Ragweed season runs from mid-August through November and this fall, millions of people will be feeling its effects from red, watery eyes to excessive sneezing.
Ragweed produces 100 million tons of pollen every year in the US, but help is on the way. A new drug could make an old theory more tolerable treatment today.
"Rush immunotherapy is a way of administering immunotherapy that condenses a large series of shots in a short period of time," said Dr. Mark Moss, an Allergist at the University of Wisconsin-Madison.
With standard therapy, patients need weekly shots for up to six months.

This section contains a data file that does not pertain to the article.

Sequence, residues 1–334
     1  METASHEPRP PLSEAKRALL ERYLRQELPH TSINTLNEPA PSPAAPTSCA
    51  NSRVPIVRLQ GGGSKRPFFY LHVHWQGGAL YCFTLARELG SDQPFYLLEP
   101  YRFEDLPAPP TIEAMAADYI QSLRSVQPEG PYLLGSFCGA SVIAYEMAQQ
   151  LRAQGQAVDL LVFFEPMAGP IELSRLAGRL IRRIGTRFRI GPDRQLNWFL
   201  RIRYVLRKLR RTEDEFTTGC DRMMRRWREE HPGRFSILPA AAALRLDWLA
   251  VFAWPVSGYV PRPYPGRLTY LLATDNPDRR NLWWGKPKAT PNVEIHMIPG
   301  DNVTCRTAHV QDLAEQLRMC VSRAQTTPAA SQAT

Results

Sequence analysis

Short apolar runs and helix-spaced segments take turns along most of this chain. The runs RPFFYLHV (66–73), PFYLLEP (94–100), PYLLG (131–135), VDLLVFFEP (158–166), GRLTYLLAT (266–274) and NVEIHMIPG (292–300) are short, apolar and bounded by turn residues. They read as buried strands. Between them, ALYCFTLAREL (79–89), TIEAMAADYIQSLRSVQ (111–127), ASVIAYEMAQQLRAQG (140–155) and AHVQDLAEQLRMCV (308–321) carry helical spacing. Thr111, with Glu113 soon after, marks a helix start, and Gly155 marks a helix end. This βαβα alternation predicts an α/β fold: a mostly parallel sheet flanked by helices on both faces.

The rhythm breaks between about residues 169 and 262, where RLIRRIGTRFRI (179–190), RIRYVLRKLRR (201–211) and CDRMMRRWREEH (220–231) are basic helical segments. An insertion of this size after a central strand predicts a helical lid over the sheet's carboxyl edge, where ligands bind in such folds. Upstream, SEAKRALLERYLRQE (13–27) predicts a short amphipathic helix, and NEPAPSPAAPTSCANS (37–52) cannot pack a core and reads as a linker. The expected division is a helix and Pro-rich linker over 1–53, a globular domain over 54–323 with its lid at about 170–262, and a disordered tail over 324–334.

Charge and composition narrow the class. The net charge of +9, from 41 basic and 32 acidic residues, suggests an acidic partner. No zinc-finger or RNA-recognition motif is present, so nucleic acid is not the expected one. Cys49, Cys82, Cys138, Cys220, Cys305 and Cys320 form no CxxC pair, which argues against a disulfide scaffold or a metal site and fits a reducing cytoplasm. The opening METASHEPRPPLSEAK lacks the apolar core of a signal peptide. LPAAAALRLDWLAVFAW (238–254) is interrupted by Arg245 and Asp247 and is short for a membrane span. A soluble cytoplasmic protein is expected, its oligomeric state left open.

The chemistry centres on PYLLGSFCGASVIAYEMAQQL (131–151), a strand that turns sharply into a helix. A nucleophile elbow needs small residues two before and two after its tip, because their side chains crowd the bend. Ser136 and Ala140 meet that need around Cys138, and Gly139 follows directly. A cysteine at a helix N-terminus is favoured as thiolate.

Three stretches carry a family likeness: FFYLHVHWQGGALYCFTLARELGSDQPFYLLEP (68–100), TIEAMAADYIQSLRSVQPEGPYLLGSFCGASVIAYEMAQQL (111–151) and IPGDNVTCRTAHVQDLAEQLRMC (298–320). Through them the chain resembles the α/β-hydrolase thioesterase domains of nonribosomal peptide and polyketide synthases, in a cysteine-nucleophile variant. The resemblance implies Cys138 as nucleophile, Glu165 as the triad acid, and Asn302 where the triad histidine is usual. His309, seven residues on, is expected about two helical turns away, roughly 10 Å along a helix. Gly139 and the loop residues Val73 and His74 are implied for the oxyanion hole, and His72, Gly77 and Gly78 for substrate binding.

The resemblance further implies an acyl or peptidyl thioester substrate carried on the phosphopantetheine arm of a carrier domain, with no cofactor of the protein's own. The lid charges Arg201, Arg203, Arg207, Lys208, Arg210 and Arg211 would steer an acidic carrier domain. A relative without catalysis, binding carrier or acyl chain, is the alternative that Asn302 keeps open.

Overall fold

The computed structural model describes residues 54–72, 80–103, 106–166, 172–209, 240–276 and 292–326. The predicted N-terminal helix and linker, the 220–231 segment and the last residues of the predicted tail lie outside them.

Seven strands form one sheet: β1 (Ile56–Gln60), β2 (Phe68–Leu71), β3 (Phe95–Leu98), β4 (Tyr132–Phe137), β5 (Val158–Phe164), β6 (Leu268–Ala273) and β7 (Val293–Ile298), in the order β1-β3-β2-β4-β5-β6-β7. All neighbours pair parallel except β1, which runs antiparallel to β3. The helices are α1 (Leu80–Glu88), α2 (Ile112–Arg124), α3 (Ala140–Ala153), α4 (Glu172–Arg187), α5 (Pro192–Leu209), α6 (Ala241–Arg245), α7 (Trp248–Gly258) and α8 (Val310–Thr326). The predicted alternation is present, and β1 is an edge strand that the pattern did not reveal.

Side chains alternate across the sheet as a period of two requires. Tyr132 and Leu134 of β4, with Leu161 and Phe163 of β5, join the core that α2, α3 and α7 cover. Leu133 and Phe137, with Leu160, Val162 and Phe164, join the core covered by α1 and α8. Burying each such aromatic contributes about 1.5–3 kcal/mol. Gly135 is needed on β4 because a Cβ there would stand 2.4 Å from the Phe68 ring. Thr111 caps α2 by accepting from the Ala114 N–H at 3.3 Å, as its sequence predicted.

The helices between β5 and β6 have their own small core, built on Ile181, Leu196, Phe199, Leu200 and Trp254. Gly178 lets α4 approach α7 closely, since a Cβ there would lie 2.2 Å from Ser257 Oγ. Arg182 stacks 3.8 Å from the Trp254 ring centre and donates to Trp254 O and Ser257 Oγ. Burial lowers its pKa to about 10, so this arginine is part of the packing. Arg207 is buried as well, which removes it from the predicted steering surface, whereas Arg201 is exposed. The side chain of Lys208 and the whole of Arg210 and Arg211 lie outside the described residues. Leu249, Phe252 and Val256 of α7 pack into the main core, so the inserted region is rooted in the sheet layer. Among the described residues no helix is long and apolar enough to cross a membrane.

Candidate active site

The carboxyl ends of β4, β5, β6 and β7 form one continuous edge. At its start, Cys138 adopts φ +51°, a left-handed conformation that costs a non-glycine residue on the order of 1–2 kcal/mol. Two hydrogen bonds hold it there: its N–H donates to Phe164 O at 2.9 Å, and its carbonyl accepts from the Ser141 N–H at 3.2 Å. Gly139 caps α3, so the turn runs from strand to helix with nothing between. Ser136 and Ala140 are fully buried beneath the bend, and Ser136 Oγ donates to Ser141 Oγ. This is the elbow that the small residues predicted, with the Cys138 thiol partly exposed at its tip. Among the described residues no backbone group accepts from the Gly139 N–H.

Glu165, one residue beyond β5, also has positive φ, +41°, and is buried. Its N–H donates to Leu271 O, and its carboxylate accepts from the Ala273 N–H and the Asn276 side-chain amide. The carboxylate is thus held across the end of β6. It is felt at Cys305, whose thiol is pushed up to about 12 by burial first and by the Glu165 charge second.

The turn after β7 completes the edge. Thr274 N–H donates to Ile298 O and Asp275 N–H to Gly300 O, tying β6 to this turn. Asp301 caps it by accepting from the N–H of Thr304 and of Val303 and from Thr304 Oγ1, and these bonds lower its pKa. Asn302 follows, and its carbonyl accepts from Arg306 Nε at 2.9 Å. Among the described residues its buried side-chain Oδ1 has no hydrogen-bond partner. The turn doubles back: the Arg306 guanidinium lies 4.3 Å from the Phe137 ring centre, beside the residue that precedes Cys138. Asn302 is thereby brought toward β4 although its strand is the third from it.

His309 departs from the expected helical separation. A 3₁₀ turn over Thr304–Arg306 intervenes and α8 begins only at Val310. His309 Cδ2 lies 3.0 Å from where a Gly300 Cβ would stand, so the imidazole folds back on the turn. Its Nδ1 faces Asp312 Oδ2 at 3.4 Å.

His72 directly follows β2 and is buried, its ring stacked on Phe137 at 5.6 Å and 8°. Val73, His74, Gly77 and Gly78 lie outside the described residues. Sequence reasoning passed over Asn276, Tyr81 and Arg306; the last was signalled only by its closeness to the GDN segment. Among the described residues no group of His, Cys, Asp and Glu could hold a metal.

With rush immunotherapy, the process builds resistance to allergens in a much faster process. But it's risky because about a third of the time, patients can end up with a severe allergic reaction getting too much of what they're allergic to too fast.
Now, here's what's new. At the University of Wisconsin, they're pre-medicating patients with a drug called Omalizumab before rush immunotherapy to cut down on reaction.
"They had a five-times lower chance of having a reaction compared to the group that received the rush immunotherapy alone," said Dr. Mark Moss.
"I have had three consecutive years of no symptoms. So if you ask me what it has done for me, it has improved my quality of life 100 percent," said Kim Brandt, who has allergies.
Rush immunotherapy is already an available treatment. Omalizumab is not yet FDA approved.
So, all this is still experimental. But it is a theory that could bring complete relief to some allergies, someday.
Ask your allergist for more details.